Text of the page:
Killinger made an interesting observation in regard to liturgical education as well: “I participated... in a study of courses in worship and spirituality at seminaries across the U.S. We were amazed to find that there were no such courses in the conservative and fundamentalist seminaries. There were plenty of courses in preaching, but none in the context in which preaching is normally done.... But none saw any need for training ministers in the art of designing or leading in liturgy” (p. 87). While this might be expected of non-liturgical churches, it cannot be said of all “conservative” churches. The CLC is a conservative church body and our seminary has mandatory courses on liturgy, which discusses worship, prayer, music and hymnody, psalmody, and much more. This is because our conservative church recognizes the importance and value of our liturgy in corporate worship.
Another part of the worship service is the sermon. This is the part of the service that Killinger remembered well from his youth. But he doesn’t remember it with fondness. He says: “Conservative groups have an oratorical tradition all their own... It usually includes having a very simple outline that is more emotional than intellectual, stating the obvious as cleverly as possible, saying it in a variety of tones and emphases, lacing everything with humor, and closing with a memorable story or poem” (p. 86).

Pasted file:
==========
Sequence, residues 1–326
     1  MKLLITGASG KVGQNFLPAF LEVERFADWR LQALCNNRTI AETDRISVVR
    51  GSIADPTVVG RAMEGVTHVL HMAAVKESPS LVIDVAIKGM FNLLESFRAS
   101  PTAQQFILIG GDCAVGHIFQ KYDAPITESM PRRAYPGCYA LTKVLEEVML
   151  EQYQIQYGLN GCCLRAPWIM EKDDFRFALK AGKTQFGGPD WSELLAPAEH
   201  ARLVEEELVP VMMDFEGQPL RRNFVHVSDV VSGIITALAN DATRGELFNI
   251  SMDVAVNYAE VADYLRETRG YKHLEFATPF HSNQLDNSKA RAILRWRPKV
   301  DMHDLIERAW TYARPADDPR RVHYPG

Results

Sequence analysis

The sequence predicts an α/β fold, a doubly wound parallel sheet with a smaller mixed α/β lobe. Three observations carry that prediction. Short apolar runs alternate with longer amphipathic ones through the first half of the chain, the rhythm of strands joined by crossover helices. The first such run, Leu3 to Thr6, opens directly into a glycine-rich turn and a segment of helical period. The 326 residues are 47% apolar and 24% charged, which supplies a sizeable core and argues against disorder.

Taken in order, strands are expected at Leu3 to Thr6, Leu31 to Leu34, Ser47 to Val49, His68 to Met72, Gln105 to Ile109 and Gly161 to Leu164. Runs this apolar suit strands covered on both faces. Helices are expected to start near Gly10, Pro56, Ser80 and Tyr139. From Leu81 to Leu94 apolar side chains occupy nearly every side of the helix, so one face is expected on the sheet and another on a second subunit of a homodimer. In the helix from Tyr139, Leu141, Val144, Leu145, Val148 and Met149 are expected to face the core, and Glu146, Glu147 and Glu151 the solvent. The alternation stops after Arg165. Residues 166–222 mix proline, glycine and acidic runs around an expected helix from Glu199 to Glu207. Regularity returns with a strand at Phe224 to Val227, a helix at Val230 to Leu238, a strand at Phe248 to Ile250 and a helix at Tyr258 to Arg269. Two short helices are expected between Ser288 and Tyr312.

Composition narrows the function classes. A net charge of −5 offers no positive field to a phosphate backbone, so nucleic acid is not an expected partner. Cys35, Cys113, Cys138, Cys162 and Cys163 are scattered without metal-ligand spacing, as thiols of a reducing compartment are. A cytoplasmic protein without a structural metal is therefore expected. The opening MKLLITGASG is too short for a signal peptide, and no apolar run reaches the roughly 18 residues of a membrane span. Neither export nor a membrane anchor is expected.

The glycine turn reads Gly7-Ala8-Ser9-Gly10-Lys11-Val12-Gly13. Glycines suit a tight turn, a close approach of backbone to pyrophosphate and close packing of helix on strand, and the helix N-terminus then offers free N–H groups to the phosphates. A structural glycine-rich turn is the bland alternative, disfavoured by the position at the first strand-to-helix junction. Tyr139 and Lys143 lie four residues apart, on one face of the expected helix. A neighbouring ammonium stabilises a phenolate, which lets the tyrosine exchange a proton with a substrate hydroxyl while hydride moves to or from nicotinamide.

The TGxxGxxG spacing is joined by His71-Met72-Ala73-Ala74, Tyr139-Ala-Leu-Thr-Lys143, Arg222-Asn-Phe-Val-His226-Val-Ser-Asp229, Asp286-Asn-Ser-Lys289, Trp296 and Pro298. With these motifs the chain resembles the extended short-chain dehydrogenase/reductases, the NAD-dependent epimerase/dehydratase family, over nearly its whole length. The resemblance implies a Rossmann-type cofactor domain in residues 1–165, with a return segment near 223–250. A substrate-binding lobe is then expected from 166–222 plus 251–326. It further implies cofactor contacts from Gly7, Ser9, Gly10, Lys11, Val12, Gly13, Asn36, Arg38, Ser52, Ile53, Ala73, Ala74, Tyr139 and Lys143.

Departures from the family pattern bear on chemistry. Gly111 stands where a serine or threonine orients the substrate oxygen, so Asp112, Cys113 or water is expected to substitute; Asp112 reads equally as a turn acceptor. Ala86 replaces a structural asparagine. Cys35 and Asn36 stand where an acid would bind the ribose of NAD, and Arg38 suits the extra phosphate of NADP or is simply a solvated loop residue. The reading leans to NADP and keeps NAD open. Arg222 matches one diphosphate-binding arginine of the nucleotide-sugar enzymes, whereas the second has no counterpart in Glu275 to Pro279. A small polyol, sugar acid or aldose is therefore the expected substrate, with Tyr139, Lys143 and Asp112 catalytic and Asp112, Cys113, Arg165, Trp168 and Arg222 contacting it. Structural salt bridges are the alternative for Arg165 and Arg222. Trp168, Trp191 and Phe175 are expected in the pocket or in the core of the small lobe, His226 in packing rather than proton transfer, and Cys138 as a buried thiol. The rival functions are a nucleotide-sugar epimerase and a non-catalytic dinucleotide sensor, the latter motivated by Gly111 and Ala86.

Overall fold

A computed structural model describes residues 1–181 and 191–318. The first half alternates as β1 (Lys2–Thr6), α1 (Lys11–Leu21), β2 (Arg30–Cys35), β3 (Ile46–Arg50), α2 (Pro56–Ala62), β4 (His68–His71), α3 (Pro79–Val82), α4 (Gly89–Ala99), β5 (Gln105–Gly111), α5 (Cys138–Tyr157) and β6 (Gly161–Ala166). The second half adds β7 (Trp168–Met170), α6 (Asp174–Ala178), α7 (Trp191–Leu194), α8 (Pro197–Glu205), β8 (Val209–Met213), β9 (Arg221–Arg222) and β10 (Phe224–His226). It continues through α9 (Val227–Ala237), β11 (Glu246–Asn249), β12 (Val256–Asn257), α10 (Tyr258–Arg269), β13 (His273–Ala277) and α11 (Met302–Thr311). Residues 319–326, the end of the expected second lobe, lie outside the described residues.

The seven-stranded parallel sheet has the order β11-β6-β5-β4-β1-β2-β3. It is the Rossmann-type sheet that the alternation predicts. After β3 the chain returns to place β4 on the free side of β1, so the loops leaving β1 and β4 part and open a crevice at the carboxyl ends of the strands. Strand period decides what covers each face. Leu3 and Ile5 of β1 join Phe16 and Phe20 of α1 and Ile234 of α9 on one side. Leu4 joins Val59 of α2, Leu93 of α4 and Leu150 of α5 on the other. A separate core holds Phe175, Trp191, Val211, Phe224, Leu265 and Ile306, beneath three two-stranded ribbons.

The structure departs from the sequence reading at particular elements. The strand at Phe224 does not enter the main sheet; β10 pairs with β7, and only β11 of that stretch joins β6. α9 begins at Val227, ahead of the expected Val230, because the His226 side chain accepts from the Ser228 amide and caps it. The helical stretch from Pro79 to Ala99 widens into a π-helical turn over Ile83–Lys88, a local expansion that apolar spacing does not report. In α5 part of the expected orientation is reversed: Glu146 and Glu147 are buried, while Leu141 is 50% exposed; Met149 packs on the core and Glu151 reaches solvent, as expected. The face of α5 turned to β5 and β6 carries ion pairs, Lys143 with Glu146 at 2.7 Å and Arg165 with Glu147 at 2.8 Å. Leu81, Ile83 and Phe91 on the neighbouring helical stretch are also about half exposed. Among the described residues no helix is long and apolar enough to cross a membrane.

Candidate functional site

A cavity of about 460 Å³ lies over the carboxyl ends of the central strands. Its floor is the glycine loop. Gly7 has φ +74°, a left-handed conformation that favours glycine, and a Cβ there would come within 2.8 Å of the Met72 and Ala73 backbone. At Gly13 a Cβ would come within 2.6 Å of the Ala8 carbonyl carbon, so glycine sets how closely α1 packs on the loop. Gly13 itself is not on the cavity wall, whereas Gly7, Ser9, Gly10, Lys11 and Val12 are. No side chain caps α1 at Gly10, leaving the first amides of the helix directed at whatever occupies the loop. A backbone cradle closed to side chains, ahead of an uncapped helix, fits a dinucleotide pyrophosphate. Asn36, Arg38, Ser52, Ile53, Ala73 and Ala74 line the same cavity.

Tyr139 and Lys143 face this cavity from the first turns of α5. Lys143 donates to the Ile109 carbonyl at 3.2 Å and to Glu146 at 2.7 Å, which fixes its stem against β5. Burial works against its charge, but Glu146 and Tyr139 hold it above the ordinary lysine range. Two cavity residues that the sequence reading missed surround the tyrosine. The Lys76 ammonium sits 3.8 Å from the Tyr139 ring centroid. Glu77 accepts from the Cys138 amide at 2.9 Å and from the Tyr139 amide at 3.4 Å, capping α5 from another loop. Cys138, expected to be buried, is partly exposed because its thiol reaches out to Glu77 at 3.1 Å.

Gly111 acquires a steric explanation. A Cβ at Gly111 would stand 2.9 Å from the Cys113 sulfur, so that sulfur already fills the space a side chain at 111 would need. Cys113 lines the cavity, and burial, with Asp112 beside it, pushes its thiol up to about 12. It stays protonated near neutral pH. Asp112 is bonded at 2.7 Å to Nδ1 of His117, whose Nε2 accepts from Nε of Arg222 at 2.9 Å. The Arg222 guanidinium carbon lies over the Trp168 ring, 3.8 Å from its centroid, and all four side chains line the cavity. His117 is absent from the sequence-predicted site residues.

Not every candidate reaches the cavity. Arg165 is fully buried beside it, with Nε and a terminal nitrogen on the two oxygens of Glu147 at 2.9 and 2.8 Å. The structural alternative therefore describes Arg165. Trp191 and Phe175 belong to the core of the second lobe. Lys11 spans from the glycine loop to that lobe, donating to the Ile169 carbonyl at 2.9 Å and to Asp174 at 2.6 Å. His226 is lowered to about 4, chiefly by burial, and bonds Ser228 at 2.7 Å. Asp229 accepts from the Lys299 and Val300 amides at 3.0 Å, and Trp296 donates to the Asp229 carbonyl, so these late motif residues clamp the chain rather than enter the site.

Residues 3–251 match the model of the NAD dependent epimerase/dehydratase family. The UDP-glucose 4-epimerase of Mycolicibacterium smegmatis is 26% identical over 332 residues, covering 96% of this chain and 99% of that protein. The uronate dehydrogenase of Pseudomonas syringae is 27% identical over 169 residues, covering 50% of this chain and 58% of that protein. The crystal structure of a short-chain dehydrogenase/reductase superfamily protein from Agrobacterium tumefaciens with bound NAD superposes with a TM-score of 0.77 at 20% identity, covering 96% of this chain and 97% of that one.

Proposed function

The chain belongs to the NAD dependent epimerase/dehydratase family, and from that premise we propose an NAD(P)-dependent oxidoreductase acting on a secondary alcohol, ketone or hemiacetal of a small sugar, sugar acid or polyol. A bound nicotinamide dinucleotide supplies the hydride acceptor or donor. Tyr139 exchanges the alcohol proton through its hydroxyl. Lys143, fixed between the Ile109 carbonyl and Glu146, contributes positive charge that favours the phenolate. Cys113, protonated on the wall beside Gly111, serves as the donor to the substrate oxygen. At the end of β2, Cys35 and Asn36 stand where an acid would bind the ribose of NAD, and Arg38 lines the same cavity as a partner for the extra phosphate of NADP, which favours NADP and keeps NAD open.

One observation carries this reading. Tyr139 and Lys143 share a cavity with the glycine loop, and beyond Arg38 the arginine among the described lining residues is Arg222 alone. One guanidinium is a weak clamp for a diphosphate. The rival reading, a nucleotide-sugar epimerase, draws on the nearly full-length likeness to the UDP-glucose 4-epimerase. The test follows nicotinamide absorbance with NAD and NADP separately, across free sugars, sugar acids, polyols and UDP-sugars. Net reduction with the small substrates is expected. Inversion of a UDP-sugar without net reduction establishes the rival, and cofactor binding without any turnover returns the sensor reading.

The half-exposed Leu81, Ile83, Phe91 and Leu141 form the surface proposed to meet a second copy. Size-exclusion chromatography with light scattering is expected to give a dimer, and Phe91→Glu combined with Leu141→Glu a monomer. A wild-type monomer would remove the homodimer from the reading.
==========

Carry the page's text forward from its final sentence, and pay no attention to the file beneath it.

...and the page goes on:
Lutherans certainly have an oratorical tradition (Lutheran sermons in the time of Luther are said to have gone on for hours), but most of what Killinger speaks of here has nothing to do with conservatism, but more to do with how people are taught to preach. Every preacher has different gifts, and while emotion, tone, humor and memorable stories are not wrong in themselves, such things ought to be used sparingly because it can detract or distract from the Gospel.
Killinger also mentions how the Bible was used in sermons: “The Bible is used primarily to provide legitimacy for the main thesis being propounded, and the sermon often uses the text merely as a jumping-off place, not as an object of study or analysis” (p. 86). While there is a time for choosing a theme and picking a passage to support it, it can be dangerous. It is better to start with a text and draw out your theme from the text. This is one of the reasons why our churches follow a pericope or pre-chosen series of texts throughout a year and alternate pericopes from year to year.